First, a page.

This intensive technique was first used in Africa
where it’s hot and dry and the topsoil is shallow. Now gardeners
growing in a variety of climates around the world are using this
technique. You’ll even find keyhole gardens in urban and suburban
Keyhole gardening grows abundant produce while composting
plant-based kitchen scraps in one raised garden plot. Grow plants in
the outer ring of a circular, 6-feet diameter or larger raised bed.
Create an inner circle for composting kitchen scraps, coffee grounds
and garden debris.
Design a small pie shape notch in the circular bed. This provides
easy access to the inner composting circle and gives the bed its
distinct keyhole appearance.
Build the sides of your raised bed garden from stones, cement
blocks, bamboo or any available materials that can withstand the
rigors of your climate. Select a height that works for you and makes
planting, tending and harvesting easy.
It may be easiest to purchase a keyhole garden kit. Select a kit
with all the basic building supplies made from long-lasting
materials, like the Cedar Keyhole Garden (gardeners.com).
Once the walls are built, create an inner compost basket. Use
chicken wire or a similar material that allows moisture and
nutrients to move from the compost basket into the surrounding soil.
It should be at least 12 inches in diameter with the bottom anchored
to the ground and top extending above the soil surface.
Fill the bottom of your raised bed with compostable materials. Start
with a layer of cardboard on the soil surface. Then alternate 4 to
6” layers of brown and green materials just as you would when
building a compost pile. Use twigs, straw, dried leaves, paper,
cardboard and other carbon rich materials for your browns. Include
herbicide-free grass clippings, manure, kitchen scraps, fresh plant
debris and other nitrogen rich materials for your greens.
[to top of second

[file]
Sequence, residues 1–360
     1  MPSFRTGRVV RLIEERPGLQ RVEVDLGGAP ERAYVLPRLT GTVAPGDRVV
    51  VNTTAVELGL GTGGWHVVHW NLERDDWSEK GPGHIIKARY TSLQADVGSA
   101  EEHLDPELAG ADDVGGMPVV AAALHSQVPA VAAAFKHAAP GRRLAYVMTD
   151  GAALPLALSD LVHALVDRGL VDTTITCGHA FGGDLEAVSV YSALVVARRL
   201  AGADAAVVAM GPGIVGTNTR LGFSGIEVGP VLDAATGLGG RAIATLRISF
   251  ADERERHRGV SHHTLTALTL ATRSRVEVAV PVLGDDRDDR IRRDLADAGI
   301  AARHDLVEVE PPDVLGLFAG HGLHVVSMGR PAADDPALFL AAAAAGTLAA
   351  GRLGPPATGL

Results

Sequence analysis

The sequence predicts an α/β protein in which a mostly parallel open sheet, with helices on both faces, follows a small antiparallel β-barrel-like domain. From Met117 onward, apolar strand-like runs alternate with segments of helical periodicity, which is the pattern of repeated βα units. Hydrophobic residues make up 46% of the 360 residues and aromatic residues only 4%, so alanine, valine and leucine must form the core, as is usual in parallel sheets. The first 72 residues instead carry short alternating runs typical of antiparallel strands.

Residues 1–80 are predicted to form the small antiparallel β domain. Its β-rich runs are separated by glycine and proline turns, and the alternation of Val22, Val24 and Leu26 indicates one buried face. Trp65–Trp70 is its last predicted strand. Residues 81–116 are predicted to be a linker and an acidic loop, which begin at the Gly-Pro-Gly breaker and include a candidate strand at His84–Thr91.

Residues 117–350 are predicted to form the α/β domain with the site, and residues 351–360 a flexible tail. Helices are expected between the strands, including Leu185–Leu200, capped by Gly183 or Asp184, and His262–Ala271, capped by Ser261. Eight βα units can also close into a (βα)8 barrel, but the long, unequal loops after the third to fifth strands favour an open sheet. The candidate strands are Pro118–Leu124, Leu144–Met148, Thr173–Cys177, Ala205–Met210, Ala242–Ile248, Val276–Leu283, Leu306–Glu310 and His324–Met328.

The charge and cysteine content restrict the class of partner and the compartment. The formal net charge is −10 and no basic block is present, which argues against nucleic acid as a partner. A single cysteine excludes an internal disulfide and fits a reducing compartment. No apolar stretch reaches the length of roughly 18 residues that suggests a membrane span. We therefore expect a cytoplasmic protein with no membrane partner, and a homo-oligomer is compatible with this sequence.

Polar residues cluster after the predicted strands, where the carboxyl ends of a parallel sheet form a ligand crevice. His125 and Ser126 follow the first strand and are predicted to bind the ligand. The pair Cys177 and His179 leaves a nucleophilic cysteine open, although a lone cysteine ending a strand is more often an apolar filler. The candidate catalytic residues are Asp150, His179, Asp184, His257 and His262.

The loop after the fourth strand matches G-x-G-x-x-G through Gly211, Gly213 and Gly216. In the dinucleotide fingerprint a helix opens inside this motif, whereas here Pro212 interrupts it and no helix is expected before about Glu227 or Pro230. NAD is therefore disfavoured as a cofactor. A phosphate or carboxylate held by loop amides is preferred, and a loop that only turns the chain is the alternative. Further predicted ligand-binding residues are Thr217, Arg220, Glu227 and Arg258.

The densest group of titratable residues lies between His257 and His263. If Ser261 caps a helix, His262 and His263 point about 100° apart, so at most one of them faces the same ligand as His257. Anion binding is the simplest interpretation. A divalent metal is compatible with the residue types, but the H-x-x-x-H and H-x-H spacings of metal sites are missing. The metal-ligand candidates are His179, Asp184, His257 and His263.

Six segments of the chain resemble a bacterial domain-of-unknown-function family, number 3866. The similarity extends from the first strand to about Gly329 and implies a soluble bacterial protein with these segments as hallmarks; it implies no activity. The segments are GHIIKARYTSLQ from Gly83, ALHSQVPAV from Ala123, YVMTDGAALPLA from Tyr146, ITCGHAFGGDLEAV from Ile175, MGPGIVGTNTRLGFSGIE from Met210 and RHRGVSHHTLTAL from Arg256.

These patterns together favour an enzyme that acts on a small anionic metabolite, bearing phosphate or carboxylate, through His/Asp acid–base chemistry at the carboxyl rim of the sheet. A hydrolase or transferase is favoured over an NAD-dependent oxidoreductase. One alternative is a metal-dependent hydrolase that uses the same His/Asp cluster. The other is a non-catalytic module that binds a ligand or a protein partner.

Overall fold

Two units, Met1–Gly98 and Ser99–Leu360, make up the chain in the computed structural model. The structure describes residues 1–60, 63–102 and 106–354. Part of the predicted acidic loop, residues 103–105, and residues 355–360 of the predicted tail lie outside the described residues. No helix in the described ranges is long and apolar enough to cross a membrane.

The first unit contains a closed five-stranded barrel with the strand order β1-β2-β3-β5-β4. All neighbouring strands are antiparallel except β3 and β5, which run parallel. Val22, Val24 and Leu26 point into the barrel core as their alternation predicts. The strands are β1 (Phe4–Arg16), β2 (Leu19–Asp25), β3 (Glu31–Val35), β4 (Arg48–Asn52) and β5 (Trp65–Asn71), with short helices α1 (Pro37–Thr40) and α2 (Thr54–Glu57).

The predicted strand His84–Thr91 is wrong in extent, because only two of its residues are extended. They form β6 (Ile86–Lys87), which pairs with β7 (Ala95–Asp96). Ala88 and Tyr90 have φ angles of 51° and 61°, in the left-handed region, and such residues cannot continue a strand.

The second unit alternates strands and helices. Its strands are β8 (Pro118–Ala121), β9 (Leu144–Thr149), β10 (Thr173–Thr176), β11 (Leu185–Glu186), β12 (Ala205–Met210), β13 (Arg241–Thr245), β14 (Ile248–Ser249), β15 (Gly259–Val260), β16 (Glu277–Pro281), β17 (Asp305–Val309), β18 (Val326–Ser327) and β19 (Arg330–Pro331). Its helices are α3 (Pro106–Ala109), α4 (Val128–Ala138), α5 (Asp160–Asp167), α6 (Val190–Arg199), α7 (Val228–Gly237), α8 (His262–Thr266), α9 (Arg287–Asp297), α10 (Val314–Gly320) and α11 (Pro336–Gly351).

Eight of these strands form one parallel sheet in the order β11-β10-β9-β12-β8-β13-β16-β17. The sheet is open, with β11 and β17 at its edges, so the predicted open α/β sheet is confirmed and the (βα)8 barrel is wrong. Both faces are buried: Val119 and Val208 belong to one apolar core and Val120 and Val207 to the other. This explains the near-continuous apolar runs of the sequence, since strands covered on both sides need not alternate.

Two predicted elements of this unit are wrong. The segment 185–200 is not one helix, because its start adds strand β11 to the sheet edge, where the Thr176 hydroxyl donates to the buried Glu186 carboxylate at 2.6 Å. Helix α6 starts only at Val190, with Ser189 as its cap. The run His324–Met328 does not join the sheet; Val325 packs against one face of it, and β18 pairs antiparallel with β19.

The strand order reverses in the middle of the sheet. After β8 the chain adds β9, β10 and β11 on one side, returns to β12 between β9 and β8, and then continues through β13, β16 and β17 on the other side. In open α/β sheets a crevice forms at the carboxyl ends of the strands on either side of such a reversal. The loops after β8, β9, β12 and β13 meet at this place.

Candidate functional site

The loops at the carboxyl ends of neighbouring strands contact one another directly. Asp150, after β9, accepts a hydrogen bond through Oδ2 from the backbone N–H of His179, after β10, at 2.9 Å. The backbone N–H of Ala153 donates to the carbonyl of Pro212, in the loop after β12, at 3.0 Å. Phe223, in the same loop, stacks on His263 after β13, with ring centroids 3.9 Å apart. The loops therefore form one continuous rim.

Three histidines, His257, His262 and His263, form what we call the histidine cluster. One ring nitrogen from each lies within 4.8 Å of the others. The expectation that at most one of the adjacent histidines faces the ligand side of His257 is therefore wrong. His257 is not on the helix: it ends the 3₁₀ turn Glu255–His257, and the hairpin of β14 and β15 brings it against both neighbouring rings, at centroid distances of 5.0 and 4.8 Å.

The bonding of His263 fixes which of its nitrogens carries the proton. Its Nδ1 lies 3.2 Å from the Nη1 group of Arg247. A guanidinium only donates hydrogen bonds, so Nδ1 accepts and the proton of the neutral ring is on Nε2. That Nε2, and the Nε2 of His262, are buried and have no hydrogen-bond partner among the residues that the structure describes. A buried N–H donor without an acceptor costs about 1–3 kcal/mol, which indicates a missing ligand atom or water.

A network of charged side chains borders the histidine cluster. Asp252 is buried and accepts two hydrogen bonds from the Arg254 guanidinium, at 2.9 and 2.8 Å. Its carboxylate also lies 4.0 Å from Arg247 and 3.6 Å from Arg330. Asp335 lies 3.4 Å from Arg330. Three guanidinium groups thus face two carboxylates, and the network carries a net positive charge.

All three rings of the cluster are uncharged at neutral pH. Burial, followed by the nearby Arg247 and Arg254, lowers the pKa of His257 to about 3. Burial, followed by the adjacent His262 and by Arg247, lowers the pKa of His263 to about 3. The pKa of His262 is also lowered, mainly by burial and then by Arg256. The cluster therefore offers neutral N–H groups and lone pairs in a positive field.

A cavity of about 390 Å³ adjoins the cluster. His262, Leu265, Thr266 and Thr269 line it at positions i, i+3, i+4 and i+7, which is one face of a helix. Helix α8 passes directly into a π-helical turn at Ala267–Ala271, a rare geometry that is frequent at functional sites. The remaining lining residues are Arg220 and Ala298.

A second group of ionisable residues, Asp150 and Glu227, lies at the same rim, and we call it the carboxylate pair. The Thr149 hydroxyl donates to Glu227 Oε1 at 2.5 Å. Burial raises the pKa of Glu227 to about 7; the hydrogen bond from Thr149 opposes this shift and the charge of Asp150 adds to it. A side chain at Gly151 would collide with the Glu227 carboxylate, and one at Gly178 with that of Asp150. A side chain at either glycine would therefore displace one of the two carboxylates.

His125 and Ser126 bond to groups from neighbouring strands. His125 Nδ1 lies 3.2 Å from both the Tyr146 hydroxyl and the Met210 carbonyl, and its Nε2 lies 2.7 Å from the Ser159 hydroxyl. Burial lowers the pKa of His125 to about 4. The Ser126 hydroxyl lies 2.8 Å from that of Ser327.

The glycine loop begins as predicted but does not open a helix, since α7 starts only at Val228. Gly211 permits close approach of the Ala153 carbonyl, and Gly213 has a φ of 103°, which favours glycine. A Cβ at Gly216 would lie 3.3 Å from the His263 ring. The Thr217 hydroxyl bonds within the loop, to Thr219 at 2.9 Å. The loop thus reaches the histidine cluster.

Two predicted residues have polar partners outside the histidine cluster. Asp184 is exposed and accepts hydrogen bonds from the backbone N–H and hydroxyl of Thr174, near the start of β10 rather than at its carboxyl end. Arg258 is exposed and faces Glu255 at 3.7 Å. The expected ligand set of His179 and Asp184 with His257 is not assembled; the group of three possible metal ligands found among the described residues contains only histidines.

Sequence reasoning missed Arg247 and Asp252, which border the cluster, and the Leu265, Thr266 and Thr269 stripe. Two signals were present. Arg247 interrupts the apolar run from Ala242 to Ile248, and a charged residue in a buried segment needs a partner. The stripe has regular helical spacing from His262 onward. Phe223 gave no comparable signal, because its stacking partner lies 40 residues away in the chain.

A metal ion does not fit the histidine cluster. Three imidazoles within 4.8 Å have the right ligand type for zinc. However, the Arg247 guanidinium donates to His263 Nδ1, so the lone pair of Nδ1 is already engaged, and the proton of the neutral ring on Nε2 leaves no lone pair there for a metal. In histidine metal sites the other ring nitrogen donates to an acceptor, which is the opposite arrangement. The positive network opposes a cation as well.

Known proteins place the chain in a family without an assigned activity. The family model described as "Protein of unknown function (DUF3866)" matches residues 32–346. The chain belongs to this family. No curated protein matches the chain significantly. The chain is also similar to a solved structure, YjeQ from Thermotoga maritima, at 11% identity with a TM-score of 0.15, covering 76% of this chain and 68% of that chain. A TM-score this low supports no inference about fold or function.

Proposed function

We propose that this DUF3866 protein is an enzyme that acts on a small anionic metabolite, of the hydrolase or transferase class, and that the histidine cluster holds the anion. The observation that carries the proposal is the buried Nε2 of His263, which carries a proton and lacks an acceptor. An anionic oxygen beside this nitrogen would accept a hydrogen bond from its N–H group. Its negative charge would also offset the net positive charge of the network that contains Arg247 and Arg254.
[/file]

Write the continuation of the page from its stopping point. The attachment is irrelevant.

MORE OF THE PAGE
Add kitchen scraps and garden debris to the compost
basket throughout the growing season. As these decompose water helps
move nutrients from the compost basket to the surrounding soil.
Continue layering until three fourths of the raised bed is filled.
Top it off with compost rich soil for plants to root and grow. Slope
the surface so the highest point is next to the compost basket.
Allow the planting area to settle for several days.
Then fill your garden with your favorite vegetables. Leave just
enough space between plants so they can reach their mature size.
Water new plantings thoroughly. Mulch the soil with shredded leaves,
evergreen needles or other organic material to help conserve
moisture and continue to add organic matter to the soil.
Check the soil moisture and water the garden bed and compost basket
as needed throughout the season.
Soon you’ll be enjoying the convenience of harvesting and composting
in one bed. And you just might find yourself looking for another
sunny spot to add an additional keyhole garden or two.
[Photo by Gardener's Supply Company]
Melinda Myers has written more than
20 gardening books, including Small Space Gardening. She hosts The
Great Courses “How to Grow Anything” DVD series, including the
latest Food Gardening For Everyone DVD set. Myers also hosts the
nationally syndicated Melinda’s Garden Moment TV & radio segments.
She is a columnist and contributing editor for Birds & Blooms
magazine and was commissioned by Gardener’s Supply Company for her
expertise to write this article. Myers’ web site is